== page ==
On April 9th Stone Sour will release the second part of their saga House Of Gold & Bones pt. 2 via Roadrunner Records. The album package comes in two parts; these pieces will combine to make the House Of Gold & Bones. The band will also be releasing four comic books that will go along with the double album. Eventually singer Corey Taylor wants to turn the concept into a film, but that will be a little further down the line.
House Of Gold & Bones pt. 2 is a very different album from the first album. In fact it shows a very different side of the band which is more ethereal and shows the band’s terrific ability in arrangement. This is shown well on the album’s first track “Red City” which starts out with Taylor on vocals only accompanied by piano. The track eventually gets drums, a grinding bass, and very spacey synth and guitar parts. Then the whole band comes in full force. This is a huge surprise because it all of a sudden turns from this nice composition into a brutally heavy metal song in a matter of seconds. This track then fades into some weird sound effects, but then the listener get introduced to the next song “Black John” which is reminiscent of Stone Sour’s regular sound, but definitely features more of Jim Root and Josh Rand’s excellent guitar playing.
The next track on the album is called “Sadist” now this track reminded me a lot of Slayer’s “Seasons In The Abyss” due to the chord structure, but it definitely is its own song, and it is definitely one of my favorite songs on the album. The lyrics on the track are very emotional, but what I love about the track is how it is mixed with very spacey sounding guitars that almost have as much prominence as the vocals throughout the verse section. I also think this track shows off just how versatile Taylor’s voice is. We all know Taylor can scream really well, but what most people don’t realize is that he is one of the most talented singers in music today. Another thing to mention is the guitar solo which is very middle eastern sounding, and is not based in traditional metal and rock modes.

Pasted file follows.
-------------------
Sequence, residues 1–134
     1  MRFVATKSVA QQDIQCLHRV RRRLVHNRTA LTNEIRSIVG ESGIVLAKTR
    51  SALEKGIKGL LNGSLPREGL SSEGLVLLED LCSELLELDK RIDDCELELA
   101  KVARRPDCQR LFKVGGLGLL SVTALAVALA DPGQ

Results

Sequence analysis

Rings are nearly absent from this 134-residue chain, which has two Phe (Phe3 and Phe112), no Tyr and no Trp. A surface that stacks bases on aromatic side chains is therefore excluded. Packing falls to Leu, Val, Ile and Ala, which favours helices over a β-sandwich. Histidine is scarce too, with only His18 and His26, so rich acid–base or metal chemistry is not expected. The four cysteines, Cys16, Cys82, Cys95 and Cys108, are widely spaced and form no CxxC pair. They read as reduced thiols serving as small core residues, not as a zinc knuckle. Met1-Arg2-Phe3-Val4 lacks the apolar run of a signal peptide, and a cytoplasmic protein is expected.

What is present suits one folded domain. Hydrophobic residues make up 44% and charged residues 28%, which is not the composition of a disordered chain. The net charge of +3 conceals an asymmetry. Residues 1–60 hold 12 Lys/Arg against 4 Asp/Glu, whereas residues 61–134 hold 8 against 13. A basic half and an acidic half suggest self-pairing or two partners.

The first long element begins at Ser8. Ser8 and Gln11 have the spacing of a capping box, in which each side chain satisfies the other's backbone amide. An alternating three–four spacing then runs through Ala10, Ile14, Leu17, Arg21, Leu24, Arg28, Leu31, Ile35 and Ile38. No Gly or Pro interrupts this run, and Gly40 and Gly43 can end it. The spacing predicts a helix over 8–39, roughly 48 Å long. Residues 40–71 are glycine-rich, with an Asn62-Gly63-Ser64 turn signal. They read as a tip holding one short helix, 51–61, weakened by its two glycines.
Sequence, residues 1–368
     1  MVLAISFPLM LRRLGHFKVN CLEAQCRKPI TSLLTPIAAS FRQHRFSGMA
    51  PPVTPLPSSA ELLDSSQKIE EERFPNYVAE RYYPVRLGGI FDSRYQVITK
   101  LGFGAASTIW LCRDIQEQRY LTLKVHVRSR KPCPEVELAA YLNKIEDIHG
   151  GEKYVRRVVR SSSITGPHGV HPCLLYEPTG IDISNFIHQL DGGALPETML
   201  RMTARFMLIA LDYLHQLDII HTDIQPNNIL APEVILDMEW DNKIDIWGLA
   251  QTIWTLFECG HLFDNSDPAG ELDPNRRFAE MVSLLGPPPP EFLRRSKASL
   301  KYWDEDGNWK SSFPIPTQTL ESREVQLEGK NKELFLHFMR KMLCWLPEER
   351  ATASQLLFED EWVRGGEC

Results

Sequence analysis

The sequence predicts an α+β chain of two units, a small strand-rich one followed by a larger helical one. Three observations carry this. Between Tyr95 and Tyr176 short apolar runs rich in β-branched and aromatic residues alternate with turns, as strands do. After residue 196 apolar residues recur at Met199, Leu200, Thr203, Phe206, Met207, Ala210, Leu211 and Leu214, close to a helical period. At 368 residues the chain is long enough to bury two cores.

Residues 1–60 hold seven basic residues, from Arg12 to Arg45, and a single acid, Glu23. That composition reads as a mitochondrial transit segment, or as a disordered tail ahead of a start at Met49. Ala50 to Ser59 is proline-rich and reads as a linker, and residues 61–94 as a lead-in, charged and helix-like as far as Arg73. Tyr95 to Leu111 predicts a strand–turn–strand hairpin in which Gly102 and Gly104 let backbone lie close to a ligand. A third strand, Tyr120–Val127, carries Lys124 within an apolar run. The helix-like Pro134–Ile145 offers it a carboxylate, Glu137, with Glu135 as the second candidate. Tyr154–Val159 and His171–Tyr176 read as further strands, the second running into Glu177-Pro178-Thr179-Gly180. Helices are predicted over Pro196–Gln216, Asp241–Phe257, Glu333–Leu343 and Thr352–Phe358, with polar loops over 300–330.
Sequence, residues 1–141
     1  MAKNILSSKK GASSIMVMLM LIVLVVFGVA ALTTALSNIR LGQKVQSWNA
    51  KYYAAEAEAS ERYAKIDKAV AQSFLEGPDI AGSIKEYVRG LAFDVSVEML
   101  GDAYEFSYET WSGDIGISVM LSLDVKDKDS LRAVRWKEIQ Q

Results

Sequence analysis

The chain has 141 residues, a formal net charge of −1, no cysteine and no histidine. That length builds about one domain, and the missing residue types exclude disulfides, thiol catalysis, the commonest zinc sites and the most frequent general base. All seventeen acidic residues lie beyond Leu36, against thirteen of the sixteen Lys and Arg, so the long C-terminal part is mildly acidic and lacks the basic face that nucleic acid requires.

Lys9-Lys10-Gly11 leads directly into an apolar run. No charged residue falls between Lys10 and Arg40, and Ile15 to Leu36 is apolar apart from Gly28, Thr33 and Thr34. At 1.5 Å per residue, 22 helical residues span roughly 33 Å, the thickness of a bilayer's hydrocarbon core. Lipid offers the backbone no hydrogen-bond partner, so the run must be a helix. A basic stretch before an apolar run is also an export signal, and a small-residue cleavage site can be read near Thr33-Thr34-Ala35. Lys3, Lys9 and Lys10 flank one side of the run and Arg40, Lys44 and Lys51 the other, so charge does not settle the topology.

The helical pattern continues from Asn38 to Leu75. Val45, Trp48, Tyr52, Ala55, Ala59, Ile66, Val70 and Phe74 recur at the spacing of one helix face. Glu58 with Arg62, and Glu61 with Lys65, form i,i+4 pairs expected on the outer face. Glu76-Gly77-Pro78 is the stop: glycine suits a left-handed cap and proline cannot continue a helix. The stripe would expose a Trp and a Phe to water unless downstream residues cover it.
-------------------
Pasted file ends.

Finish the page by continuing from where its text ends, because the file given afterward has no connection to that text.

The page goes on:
“Peckinpah” is the next track on the album, and this song is really strange. I didn’t particularly like it because I feel like it was placed wrong sequentially on the album and would do better towards the end of the album
The next track that caught my attention is called ’82 and this track had a very interesting feel to it. Vocally it tells an interesting story, but musically it is like a very heavy pop song especially with the use of the whammy or octave pedal throughout the chorus. I really liked this track and would put it up there as one of the best on the album.
“Uncanny Valley” is the next track on the album, and this track sounds like it came right out of the early 90’s. I really dug the vibe of the track especially its upbeat music.
“Blue Smoke” brings the album back down to the serious level with its orchestral and piano driven. Taylor’s vocals are interesting on this track, as they sound very filtered and almost restricted. It’s a short track, and is followed by the very interesting track, “Do Me A Favor” which is an interesting track because of the vocals are very down trodden, but the chorus sounds like an 80’s pop song.
“The Confligration” is another great song that follows the traditional ballad formula of a soft verse/ loud chorus, but I particularly like this track because Taylor’s voice makes you pay attention to his narrative, and not the simplistic accompaniment.
“The House of Golden Bones” is the final track on the record. To me this final track really packs the punch, and was what I really wanted to hear after the softer tracks. This track sounds a lot like the material on the first part of the album, but that is what makes it a fitting final track for the record.